The group house greeted me as a old friend, even though I knew Daniel awaited for me behind the closed door I couldn’t help but feel a sense of belonging which seemed to be a rare feeling in my concise life.
“I’ve done all I can Lena, but you have to try too!” His voice was a whirlwind of anger and disappointment. Daniel was our house leader, he helped all the kids that walked through his door as best as he could so for him to tell me he’d done all he could do was devastating.
“What do you mean? You obviously haven’t because I am still here! I am still alone.”
“Oh Lena sweetie, you aren’t alone. You will always have us, I’m sorry please try to understand.” Macey always tried to reassure me but not this time. I felt broken, as if the sheer hope I had held on to all these years had just wiltered away. My knuckles were white and and my face red with rage, the walls screamed my echoed cries back at me, tears clouded my eyes and I hit the ground as if I was drawn to it. This was it then, I was destin-.
“Lena we found your mother.” Daniel was so abrupt it was if his words reached out and slapped me, my face was a canvas of emotions not knowing which to paint. He got down on the floor next to me and rested his hand on my shoulder and looked to Macey.
“Macey, this has gone on long enough! Look at what you have put her through” Daniel was furious. How was this Macey’s fault? She has done nothing but help.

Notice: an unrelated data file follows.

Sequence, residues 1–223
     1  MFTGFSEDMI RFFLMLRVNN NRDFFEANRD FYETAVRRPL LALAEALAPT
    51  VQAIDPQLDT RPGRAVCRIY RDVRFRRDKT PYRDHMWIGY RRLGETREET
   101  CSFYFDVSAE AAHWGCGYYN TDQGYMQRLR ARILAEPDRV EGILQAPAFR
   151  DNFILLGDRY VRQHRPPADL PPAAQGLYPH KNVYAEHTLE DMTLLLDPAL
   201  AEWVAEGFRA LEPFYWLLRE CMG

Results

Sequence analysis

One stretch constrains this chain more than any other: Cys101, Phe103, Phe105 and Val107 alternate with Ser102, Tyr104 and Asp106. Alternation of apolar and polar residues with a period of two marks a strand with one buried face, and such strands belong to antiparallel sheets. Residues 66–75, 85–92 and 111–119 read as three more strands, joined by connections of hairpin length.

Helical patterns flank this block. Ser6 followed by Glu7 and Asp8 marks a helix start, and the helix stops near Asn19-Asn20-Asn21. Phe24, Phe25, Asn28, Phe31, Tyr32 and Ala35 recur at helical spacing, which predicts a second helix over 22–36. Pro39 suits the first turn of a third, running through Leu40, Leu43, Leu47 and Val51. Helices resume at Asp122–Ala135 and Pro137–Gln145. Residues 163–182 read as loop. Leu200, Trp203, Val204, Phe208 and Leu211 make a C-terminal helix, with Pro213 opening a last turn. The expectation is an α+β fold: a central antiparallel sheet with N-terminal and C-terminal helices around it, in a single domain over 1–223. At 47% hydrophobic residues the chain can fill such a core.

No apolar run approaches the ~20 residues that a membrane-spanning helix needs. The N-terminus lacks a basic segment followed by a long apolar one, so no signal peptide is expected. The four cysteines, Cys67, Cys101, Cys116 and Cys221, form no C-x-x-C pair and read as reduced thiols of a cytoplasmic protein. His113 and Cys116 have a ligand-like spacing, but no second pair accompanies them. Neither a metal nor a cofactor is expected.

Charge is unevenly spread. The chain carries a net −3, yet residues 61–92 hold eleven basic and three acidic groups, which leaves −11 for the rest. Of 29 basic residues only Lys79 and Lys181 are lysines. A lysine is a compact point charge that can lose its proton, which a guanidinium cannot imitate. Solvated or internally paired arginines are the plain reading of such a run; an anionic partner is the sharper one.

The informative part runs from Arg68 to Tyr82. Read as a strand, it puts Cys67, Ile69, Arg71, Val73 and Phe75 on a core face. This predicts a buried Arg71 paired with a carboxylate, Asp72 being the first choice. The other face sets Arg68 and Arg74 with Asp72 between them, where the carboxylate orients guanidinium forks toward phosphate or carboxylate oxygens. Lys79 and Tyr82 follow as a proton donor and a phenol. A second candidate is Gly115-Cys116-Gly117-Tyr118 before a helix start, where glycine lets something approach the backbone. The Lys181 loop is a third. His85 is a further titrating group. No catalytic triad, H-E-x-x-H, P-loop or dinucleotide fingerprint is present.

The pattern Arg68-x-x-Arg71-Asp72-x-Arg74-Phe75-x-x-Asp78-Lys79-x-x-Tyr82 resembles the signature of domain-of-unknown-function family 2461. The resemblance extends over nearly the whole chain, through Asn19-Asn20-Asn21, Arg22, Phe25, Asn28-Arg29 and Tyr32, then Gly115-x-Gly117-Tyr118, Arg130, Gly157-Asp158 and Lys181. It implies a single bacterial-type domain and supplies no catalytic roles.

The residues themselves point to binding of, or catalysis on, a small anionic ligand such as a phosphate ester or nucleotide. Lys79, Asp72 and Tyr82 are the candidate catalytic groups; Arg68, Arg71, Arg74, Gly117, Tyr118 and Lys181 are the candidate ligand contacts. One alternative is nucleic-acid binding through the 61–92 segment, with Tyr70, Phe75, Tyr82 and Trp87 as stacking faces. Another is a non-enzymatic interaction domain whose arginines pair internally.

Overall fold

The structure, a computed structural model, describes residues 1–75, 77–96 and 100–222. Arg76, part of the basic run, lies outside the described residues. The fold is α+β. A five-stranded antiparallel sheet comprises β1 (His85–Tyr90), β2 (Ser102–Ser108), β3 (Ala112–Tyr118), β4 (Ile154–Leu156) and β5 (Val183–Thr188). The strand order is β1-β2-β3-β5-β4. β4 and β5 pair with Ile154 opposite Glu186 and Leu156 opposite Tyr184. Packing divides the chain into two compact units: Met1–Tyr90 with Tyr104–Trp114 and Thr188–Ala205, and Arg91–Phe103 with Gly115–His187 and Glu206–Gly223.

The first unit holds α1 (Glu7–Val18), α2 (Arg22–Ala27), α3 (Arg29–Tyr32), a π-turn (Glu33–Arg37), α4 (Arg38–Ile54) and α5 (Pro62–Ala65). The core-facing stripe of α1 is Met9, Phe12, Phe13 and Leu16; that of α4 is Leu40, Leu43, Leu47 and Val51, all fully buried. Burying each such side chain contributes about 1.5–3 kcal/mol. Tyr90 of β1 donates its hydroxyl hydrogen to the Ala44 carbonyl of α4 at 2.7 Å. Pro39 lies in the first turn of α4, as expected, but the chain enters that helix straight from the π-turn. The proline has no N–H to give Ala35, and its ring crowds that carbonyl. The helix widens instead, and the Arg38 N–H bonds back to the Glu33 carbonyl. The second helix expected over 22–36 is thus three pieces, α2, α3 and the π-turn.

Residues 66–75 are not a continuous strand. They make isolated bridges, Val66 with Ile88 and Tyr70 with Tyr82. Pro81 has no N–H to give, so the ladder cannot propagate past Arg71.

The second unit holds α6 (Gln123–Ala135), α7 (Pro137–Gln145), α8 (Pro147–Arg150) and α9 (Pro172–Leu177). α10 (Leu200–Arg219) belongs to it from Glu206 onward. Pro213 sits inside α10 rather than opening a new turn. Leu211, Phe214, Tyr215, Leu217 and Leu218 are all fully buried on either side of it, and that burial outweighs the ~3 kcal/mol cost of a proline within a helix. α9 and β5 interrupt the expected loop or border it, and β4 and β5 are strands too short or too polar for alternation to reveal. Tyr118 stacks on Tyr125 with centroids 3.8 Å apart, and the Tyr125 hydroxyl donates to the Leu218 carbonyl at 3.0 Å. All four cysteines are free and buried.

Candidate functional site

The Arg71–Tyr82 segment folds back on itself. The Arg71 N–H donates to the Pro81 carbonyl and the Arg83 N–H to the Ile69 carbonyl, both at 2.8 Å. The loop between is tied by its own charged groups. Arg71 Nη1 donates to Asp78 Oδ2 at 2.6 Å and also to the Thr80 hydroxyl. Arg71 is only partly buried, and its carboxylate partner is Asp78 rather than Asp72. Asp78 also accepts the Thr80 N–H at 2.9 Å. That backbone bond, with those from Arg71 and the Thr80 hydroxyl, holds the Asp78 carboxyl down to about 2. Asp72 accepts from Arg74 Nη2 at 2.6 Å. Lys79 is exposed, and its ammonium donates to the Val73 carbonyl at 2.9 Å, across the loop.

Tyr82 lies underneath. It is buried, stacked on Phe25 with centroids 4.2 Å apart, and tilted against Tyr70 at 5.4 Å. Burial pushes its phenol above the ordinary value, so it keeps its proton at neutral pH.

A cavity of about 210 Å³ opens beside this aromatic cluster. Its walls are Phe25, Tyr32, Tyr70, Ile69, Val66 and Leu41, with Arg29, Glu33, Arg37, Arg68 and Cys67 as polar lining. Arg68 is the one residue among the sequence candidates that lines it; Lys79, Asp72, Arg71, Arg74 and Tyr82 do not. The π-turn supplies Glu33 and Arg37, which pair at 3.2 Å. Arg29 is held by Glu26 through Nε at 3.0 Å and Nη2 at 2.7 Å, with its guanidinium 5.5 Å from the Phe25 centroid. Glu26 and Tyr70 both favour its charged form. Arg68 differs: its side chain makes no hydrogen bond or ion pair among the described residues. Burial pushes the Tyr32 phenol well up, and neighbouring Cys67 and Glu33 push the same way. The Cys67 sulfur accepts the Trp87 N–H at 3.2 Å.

“Lena darling, I am so sorry.” I’d never seen Macey so worked up, you could hear her quiver and quake.
“Lena it’s me.” Macey couldn’t look me in the eyes. What was her? Confusion took over and a pit formed in my stomach.
“I was just so young and I wasn’t ready for a baby, neither was your father. I tried. I really did but I couldn’t face telling you the truth.” this time Macey looked me straight in the eyes. Was this right? Did my ears deceive me or have I finally met my mother?
I found the story easy to understand as I came from a small town with similar issues. Having the story based in New Zealand also helped. The main character Job was also understandable as I am sure everyone had someone like that in their class growing up. The way the author described Job’s mother and her man gave me as a reader a sense of just how awful they were and how their was no care for Job. Preston used words to describe Job’s mother such as sinister and dangerous. Because of her Job faced many struggles through the story, and with the addition of the last line “job done” I believe Job did over come the adversity that he faced through the story.
The story had an interesting conflict. The way Preston has used his words to create a suspense and a sense of wonder made for an enjoyable read.
24th April 2015
During this period my group and I decided to choose Starship as our organisation. We are going to hold a raffle to raise the needed funds and the winner will receive a basket full of goodies.
We looked through the ‘Citizens Advice Bureau’ website and checked what we needed to do to hold a legitimised raffle.
We also worked out what we would put in the raffle